'Pubs for nice people' do nicely

It is hard to imagine why anyone would want to drink in a place marketed under the sign "Unspoilt pubs for nice people" but the rapid growth of Tom Cobleigh, the Yorkshire and East Midlands pub operator, suggests the company's food-focused, family offering is pulling the customers in.

Very much a child of the Beer Orders' transformation of the British pub market, Tom Cobleigh is coming to the market next month with a placing to raise about pounds 22m. It has grown fast since foundation only three years ago, and now boasts 46 managed pubs, under the Tom Cobleigh brand and 36 tenanted sites, trading as The Nice Pub Company.

Typically large, out-of-town sites with large car parks, the pubs are based on the premise that food sells beer and they generate more than a third of turnover from the sale of meals, well above the average for Britain's 63,000 pubs. An ambitious opening programme should see up to 18 pubs a year added for the foreseeable future.

Rapid growth has been reflected in fast-growing profits, which have grown from a pounds 52,000 loss in the year to March 1993 to a profit of pounds 1.6m from sales of pounds 14.8m in the latest full year. In the six months to the end of September, profits jumped again to pounds 1.04m from sales of pounds 9.5m.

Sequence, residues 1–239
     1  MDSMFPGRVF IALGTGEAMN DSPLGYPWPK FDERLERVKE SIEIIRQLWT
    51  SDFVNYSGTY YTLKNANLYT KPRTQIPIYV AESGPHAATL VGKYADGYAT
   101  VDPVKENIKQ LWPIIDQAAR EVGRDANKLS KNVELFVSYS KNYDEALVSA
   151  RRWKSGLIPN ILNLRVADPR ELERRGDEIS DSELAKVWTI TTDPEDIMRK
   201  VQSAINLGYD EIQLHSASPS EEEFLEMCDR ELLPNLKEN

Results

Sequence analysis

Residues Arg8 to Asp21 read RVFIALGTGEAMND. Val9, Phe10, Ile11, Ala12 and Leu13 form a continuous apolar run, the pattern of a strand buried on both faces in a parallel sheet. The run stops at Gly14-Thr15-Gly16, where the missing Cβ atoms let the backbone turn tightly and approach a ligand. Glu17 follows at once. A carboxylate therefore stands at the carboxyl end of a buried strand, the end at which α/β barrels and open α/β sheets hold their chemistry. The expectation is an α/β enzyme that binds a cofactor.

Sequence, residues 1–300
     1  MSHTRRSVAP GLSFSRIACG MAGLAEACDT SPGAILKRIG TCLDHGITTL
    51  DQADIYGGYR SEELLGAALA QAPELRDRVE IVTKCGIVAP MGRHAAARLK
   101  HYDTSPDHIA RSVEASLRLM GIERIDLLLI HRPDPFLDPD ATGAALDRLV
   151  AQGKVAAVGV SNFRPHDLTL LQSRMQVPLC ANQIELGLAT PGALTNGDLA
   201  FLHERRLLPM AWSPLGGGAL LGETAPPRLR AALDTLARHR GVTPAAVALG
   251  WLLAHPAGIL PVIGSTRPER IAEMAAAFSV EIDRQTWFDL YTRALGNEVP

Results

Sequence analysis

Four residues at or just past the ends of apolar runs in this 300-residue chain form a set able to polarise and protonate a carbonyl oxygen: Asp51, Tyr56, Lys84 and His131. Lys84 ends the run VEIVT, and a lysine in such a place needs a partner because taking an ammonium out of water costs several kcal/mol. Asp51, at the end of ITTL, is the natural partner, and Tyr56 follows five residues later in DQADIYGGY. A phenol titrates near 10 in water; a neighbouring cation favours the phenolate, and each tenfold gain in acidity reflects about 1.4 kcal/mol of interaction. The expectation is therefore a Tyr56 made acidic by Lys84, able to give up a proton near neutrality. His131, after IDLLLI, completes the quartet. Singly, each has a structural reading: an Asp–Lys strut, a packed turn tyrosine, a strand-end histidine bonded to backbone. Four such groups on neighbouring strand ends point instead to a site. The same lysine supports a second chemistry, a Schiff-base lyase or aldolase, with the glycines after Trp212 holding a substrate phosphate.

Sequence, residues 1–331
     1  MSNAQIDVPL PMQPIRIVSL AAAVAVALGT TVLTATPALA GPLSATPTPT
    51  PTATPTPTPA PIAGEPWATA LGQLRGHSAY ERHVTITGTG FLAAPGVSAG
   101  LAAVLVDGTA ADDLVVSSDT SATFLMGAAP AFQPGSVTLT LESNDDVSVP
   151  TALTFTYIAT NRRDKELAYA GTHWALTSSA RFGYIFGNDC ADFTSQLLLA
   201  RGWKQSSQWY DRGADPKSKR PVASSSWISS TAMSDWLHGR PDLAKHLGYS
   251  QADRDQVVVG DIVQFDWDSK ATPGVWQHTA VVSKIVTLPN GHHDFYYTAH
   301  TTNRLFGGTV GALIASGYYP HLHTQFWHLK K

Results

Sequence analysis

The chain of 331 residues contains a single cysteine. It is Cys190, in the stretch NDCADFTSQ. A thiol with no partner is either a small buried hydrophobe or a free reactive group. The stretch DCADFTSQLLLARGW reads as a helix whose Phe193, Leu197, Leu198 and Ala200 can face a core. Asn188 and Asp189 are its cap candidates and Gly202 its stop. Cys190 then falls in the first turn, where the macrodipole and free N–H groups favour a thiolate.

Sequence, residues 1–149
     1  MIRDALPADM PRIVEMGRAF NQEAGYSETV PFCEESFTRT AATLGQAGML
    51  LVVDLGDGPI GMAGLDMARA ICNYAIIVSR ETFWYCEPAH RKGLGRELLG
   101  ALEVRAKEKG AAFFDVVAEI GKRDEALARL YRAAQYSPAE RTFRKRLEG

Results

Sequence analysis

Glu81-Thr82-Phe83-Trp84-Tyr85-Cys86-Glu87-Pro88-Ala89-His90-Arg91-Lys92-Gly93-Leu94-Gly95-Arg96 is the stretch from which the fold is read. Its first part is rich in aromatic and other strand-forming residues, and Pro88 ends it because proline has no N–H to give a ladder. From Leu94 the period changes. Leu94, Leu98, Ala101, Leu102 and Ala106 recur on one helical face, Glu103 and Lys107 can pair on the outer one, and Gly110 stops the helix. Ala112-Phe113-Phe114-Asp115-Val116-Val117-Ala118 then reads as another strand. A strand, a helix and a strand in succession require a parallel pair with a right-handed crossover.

The company sets great store by staff training and has an imaginative approach to motivation, including cash bonuses for appropriate responses to staff observers dropping into other pubs posing as customers. The success of the formula is reflected in strong growth in turnover per pub and return on capital.

If Cobleigh is half as successful as JD Wetherspoon and Regent Inns, shareholders will be well rewarded. It is encouraging that EAC, the venture capital backer which will own 50 per cent of the shares after flotation, is holding onto its stake after first dealings on 23 November. Worth looking at when the price is announced.